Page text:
"Sometimes handicaps can be an advantage."
Reviewed by Viki Ferrell
Posted May 3, 2020
Mystery | Inspirational Mystery
Elise Carmichael is a single mom (widowed) of a seven-year-old deaf and mute little boy named Sawyer. She has become quite proficient at reading lips … even does it now for a living. While she is standing outside the courthouse, she “sees” the conversation of a phone call and reads the lips of the caller. She learns that someone wants her mother-in-law, a United States senator killed. At the same time, Elise receives a phone call that Sawyer has fallen and broken his arm. She rushes to the hospital to be with him, forgetting about the call she lip-read. That night, her mother-in-law is murdered.
The next day Elise talks to the FBI and tells them about the call she “saw”. As the investigation proceeds and she tries to help identify the caller and the person standing next to him, information keeps being leaked about everything Elise is telling the FBI. Mysterious boxes are delivered to her door with “warnings” in them that she needs to keep quiet. The warnings escalate, and on the day her mother-in-law is buried, Sawyer is kidnapped out of Elise’s backyard, with an FBI agent sitting in her living room. They are now looking for a murderer and a kidnapper.
DEAD SILENCE by Robin Caroll is a fast-paced, inspirational suspense novel that will have you turning pages to see where the investigation is heading next. Elise is a strong, resilient and smart main character who begins taking matters into her own hands, as the FBI seems to her to be very inept. She lets her anger fuel her determination to get Sawyer back. The supporting characters, who are Elise’s family and friends, are behind her all the way. The FBI agents are a mixed bag of personalities who are sending mixed signals at every turn. Elise, her sister-in-law and a reporter team up and make a pact to bring this murderer and kidnapper to justice and #BringSawyerHome. They are a force to be reckoned with! In the process, Elise comes back to her faith in God and learns that all things do happen for good to those who put their trust in Him. Do not miss this dynamic novel!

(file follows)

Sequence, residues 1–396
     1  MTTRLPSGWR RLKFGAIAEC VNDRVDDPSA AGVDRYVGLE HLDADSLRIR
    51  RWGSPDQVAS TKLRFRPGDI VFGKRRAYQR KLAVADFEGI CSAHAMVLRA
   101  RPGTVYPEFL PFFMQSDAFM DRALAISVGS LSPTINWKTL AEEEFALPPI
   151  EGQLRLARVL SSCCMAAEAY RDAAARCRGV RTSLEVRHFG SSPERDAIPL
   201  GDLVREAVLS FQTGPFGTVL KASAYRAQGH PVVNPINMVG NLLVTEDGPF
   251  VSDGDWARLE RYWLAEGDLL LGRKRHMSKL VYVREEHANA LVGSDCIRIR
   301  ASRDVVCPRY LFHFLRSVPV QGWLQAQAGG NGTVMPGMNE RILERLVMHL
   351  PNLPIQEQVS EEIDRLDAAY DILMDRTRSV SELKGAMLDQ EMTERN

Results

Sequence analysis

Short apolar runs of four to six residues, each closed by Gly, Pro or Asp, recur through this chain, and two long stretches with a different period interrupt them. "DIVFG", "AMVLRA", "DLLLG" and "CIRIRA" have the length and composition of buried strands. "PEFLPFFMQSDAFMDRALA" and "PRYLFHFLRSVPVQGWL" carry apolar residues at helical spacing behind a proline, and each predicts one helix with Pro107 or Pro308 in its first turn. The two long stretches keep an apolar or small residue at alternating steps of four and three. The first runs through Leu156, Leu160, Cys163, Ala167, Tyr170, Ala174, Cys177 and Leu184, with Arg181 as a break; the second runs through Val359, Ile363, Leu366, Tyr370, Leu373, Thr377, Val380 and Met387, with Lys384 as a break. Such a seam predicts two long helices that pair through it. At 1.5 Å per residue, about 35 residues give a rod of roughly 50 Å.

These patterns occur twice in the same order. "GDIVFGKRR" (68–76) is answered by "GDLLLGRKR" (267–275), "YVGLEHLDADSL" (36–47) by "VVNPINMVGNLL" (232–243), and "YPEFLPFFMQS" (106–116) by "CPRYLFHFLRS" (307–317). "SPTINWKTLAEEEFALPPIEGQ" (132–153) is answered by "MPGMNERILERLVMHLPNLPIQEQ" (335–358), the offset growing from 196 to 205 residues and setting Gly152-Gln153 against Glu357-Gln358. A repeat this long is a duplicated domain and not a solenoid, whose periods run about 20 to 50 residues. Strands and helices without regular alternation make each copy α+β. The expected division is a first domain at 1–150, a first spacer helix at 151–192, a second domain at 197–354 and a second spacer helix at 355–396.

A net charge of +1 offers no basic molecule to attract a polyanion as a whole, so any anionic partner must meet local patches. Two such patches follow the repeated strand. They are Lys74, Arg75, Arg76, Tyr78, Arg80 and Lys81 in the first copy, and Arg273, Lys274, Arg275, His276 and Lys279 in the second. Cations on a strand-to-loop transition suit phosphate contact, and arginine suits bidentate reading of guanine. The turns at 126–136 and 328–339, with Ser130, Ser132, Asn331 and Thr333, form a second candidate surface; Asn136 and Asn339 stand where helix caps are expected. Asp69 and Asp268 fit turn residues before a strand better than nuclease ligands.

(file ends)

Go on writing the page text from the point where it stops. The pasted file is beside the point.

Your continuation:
Political games can be deadly…
Elise Carmichael is a court sign language interpreter who reads lips all the time. As a widow with a young son who is deaf, lip reading is simply second nature, until the day she reads the lips of someone on the phone discussing an attempt to be made on a senator’s life—a senator who just happens to be her mother-in-law. Before she can decide what she needs to do, she receives the information that her son is rushed to the ER and she must leave. Then she later sees the news report that her mother-in-law has been shot and killed. But when she comes forward, her life, as well as her son’s life, may now be in the crosshairs of the assassin.
“Stop worrying. Lilliana York will be taken care of tonight. Perma- nently. Just as you instructed.”
Elise Carmichael froze in her path across the polished lobby floor of the Arkansas Federal Courthouse. Had she read that security guard’s lips correctly? She turned to get a better look at his mouth. He stood off in the corner almost, his back facing the wall of glass, out of reach of the security camera that faced the front entrance. The storm clouds over Little Rock had intensified, making the early April afternoon even darker.